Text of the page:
|SPORE Bulletin of the CTA No. 38 (CTA Spore, 1992, 16 p.)|
The problems that face the small-scale or resource poor farmer in the world today are complex: yet in many developing countries it is these resource-poor farmers who have to produce not only enough food for their own families but also a surplus for the urban population. They also have to produce cash crops either for processing by local industry or for export. Foreign exchange earnings, as well as the livelihood of individuals, depend largely upon their efforts.
Recognizing that yields of resource-poor farmers" crops are much lower than those recorded in the developed world, and that pest damage is a significant contributing factor, CTA, in collaboration with the Natural Resources Institute of the UK, organized a seminar on Crop Protection for Resource-poor Farmers. This was held from 4-8 November 1991 at the Isle of Thorns Conference Centre, University of Sussex, UK and was attended by 24 delegates from ACP countries and a similar number of resource-persons from the EC and elsewhere. Most delegates represented research establishments or their country's ministry of agriculture.
The objectives of the seminar were to provide a forum to examine and evaluate pest management techniques ranging from traditional practices to 'western', high technology approaches; to consider the relevance and usefulness of the latter to resource-poor farmers; to identify which of the modern and traditional technologies are most likely to benefit farmers in the African, Caribbean and Pacific states; and to propose means of promoting them.
In his introduction to the seminar, Mr Alan Jackson of CTA called for vigilance in assessing the effectiveness of new technology, technology which frequently ran the risk of being too narrowly-based. He challenged delegates to consider the extent to which the activities of scientists were really helping farmers with their problems and added that technology which stays in the laboratory is of no use to farmers.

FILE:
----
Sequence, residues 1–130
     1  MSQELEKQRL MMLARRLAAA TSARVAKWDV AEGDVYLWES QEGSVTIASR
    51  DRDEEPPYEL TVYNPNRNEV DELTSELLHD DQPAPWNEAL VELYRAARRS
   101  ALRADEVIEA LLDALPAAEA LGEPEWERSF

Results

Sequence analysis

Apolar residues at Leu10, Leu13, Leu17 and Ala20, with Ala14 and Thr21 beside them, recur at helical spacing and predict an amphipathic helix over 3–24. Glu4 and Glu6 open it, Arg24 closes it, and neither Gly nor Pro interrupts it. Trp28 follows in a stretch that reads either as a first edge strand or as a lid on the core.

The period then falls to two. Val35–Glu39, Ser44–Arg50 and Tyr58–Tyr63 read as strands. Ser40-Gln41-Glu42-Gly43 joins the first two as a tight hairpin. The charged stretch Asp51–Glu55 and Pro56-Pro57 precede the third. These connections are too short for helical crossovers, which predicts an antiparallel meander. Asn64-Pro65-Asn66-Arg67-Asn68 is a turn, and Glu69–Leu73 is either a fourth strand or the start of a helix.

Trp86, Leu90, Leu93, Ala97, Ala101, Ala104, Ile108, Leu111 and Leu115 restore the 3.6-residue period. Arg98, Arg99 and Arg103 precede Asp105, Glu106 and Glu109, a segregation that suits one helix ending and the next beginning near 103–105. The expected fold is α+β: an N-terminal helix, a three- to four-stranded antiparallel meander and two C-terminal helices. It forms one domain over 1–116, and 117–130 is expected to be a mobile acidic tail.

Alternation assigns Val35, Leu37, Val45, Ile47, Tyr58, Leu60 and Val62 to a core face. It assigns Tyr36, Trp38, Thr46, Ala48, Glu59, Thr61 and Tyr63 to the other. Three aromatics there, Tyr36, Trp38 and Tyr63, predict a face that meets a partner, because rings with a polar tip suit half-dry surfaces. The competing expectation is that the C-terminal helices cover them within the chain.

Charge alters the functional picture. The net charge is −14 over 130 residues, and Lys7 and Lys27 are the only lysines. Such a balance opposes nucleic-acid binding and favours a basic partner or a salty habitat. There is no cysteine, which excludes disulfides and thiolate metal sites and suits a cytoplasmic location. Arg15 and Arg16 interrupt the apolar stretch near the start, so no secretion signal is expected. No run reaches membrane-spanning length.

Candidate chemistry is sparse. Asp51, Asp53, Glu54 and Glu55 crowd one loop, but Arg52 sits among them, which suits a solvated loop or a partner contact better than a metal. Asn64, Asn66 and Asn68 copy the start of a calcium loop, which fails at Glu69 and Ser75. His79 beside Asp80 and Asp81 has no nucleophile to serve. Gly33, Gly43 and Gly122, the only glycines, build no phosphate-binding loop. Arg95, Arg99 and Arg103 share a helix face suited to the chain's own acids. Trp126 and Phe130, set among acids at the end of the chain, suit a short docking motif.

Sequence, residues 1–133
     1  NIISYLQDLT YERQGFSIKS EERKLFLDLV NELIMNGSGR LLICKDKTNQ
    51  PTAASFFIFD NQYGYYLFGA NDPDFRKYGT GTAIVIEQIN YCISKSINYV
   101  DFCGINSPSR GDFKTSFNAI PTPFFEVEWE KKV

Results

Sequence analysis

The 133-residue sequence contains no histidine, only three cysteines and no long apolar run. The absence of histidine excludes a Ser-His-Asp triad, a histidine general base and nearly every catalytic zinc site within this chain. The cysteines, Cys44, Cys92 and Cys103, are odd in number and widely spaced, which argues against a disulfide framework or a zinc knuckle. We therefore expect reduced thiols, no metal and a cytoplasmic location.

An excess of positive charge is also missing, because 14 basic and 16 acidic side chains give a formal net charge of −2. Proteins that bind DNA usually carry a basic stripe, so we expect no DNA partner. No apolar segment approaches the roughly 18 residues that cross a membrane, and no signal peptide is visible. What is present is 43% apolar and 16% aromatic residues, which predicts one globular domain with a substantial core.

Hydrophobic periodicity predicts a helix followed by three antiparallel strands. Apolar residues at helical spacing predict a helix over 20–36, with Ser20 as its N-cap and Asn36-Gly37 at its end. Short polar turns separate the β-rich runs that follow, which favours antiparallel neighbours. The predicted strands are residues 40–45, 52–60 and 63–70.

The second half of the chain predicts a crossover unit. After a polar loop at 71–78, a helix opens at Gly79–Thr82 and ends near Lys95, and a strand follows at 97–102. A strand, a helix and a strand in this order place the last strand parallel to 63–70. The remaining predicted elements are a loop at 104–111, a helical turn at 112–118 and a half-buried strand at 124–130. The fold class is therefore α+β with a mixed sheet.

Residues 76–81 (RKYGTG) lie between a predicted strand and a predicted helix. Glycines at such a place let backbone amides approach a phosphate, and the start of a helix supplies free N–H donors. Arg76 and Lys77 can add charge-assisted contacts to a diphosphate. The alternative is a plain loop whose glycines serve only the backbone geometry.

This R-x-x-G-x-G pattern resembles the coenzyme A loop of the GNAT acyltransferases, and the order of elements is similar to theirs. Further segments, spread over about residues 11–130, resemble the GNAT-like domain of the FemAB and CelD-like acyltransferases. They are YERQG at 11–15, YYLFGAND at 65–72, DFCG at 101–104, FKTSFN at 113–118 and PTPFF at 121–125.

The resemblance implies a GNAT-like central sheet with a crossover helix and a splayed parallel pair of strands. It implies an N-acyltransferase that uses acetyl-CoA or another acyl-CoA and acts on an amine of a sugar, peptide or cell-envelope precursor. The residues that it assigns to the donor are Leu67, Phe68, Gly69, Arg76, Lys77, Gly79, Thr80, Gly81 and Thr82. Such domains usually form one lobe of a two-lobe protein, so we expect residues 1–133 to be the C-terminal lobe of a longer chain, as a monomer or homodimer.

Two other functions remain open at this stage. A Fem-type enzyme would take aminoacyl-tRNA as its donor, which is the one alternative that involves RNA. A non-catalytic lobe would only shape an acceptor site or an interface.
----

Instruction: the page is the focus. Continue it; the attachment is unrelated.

Commenting upon the necessity to put the farmer first when attempting to solve farmers' problems, Dr Robert Chambers of Sussex University, one of the keynote speakers at the seminar, emphasized that farmers' participation is crucial. He said that controlling pest damage was a good example of where farmers should have "a basket of choices" rather than be given a "package of practices".
Mr John Perfect of NRI said that the integrated pest management (IPM) approach to crop protection, should provide farmers with the opportunity to make that choice. He pointed out that IPM called for the minimum use of agrochemicals and the maximum use of natural, regulatory mechanisms. However, he stressed that since improved crop protection was essential in order to increase yields, the use of agrochemicals could not be ruled out and, in certain circumstances, may even be increased.